5 Ways to Bully Proof your Child!

5 Ways to Bully Proof your Child

5 Ways to Bully Proof your Child

It is every parent’s fear to have their kids getting bullied in school. The life-long trauma is a possibility, not to mention poor performance in school as a result. Philippine schools have implemented the Anti-bullying Act (Republic Act 10627) to keep children safe in school. Based on the law, bullying can be any of the following:  

…any severe or repeated use by one or more students of a written, verbal or electronic expression, or a physical act or gesture, or any combination thereof, directed at another student that has the effect of actually causing or placing the latter in reasonable fear of physical or emotional harm or damage to his property; creating a hostile environment at school for the other student; infringing on the rights of the other student at school; or materially and substantially disrupting the education process or the orderly operation of a school

Hence, government, schools and parents have come together to prevent this decade-long (or even longer) crisis called bullying in schools. On a more individual level, you can do a lot more in making sure your child does not get bullied in school, or maybe cut the practice abruptly at the onset. If you believe your child is being bullied, there are also ways to help him or her cope.


Foster open communication with your child

Talking with your child helps you become aware of your child’s situation and feelings about with anything that bothers him. Building an open, and trusted relationship with your child from the beginning lets him know that you are a safe haven. It also gives him the assurance that you will be there for him through thick and thin. However, if you feel like your child is not telling everything to you, try to observe him in school or ask his teachers how he’s doing. That will give you some clues whether things are right or not.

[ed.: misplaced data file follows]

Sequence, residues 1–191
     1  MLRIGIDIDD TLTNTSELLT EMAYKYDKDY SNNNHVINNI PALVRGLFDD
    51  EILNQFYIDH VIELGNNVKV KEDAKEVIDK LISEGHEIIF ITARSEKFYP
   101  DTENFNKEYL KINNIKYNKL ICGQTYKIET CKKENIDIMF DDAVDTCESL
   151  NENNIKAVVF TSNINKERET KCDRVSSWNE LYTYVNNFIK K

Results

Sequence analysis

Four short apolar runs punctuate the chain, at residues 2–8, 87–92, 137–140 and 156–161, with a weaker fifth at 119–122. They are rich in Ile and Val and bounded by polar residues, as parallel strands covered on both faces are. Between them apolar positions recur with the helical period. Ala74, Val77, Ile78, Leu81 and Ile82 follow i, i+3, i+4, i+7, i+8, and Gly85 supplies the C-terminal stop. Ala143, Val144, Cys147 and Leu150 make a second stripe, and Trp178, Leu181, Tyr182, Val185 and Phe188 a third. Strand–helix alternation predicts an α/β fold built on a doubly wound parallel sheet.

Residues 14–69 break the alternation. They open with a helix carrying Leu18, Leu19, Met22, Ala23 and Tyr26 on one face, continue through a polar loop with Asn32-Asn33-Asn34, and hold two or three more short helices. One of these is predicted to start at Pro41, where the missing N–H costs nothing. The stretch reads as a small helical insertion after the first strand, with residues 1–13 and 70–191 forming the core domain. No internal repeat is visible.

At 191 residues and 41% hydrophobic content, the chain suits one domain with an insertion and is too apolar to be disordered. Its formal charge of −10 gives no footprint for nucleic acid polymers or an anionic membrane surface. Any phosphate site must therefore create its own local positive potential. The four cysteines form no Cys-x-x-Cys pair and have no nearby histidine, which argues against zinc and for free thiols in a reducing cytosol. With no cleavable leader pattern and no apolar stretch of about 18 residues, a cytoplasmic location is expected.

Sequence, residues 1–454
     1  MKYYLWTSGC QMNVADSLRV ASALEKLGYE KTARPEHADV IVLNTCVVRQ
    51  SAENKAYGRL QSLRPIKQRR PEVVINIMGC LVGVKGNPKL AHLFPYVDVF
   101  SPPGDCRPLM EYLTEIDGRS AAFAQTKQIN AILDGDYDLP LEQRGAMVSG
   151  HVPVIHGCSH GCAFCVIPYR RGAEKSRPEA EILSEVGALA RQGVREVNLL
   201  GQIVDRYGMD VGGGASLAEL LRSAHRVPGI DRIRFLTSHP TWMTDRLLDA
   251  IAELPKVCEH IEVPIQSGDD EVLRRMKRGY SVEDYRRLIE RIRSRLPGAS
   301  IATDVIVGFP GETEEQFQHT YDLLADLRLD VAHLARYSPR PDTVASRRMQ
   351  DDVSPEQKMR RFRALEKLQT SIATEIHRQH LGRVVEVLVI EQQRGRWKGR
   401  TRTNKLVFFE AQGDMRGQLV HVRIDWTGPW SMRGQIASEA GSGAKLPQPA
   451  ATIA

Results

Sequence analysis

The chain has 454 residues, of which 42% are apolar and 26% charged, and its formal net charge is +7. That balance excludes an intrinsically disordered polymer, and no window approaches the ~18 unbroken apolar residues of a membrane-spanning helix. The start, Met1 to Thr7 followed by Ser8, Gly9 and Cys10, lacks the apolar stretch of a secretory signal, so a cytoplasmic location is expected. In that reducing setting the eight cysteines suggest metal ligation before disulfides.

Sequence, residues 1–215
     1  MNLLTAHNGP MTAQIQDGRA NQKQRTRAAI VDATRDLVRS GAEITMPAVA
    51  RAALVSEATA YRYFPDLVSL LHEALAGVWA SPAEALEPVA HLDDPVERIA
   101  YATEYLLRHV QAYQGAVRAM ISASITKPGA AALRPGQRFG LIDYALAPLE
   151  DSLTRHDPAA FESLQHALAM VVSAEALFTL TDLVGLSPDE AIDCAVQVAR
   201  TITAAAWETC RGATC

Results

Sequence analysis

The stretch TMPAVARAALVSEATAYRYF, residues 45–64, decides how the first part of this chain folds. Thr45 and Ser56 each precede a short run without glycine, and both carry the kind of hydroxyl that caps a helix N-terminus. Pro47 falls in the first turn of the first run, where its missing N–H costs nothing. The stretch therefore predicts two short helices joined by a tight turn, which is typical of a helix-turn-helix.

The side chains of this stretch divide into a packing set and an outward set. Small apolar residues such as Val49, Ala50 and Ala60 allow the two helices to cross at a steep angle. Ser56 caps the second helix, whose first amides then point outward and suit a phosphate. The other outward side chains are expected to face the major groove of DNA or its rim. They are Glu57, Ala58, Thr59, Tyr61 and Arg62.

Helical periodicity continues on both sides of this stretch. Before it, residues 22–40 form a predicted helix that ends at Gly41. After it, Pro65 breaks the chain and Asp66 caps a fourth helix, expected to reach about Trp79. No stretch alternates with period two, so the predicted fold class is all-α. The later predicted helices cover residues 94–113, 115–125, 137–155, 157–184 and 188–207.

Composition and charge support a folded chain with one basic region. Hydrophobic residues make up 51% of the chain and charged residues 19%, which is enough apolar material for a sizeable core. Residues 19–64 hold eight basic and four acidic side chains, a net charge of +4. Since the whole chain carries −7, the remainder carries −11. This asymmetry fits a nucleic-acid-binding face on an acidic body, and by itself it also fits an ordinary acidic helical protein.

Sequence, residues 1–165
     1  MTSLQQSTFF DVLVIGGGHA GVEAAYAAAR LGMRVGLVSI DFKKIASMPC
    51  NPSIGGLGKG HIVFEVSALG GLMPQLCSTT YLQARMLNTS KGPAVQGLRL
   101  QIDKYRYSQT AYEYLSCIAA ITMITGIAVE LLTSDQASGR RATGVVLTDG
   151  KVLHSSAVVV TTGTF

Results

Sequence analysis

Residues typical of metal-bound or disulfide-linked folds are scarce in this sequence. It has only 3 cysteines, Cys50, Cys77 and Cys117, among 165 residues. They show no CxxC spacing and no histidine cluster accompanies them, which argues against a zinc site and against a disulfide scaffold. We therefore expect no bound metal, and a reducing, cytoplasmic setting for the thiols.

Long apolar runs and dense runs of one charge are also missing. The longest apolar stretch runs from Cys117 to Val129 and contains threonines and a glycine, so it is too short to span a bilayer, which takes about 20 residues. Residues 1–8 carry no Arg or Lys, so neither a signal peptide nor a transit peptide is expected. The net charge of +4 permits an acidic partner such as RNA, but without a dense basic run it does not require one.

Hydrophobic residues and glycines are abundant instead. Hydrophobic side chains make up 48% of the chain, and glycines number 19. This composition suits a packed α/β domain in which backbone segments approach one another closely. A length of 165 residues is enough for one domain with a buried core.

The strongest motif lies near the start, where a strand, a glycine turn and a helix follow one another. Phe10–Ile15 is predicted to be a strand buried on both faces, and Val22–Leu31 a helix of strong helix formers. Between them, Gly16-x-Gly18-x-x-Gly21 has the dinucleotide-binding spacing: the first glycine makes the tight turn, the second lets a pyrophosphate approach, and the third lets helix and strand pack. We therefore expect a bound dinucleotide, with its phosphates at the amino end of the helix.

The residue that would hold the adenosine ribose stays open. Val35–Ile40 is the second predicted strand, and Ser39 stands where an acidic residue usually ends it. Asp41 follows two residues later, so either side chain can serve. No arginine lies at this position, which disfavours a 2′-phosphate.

Teach acceptable, and respectful social behavior

Bullying is not only directed to kids whom they perceive as “pushovers”. Bullying can also happen even to those who seem to have superiority complex in them. So it is important to teach your child how to effectively socialize with other kids. Model respectful behavior towards others. Help them understand that stepping on another’s foot, hurting people’s feelings, or teasing them are not acceptable. This also prevents your child of becoming the bully himself. By being compassionate and sensitive to others, your child can gain friends instead of enemies.


Encourage self-confidence and assertion

A healthy self-concept and self-esteem will enable your child to be resilient and face bullies. He may experience hurt emotions, but when you teach him to assert himself, he is ready to say, “Stop that!”; or “That’s not nice!” to the bully. Some parents even go to the stretch of enrolling their child to self-defense classes to be sure they can protect themselves in cases of physical assault. We all hope this won’t ever happen! However, being assertive also means having the confidence to tell the teacher or an adult when he experiences bullying. This way, the attacker sees that your child is not a pushover.


Help practice self-control when provoked

Another way to help your child get out of trouble is to teach him self-control. You can do role-playing like teasing and provocation directed towards your child. Help him practise self-control instead of retaliating out of anger. This teaches him to gain a handle on his emotions. Instead of doing an act of counter violence, he can make use of a clear mind to guide his course of action: Tell an adult/school official/teacher.


Use the buddy system in school

When two or more classmates are gathered together, they are less-likely to be targets of bullying. Only when a situation finds your child alone (for example in a hallway, restroom, canteen, etc), will a bully strike. So help your child gain friends in school and have a buddy especially when he feels unsafe.

There are times when child bullying can happen in cyberspace (cyber bullying). This can cause a load of psychological trauma to a child. If this happens to your kid, be sure to inform the school authorities. They would normally call the parent of the child who did the bullying so as to hear both parties. It is best that you discuss things in a neutral, mediated setting with the school official.


Now that school season is about to start, your role as a parent goes beyond back to school shopping, and school enrollment duties. It is also your responsibility to equip him when faced with school challenges – not only academically, but socially as well. We hope this guide to bully-proof your child helps both of you a long way!

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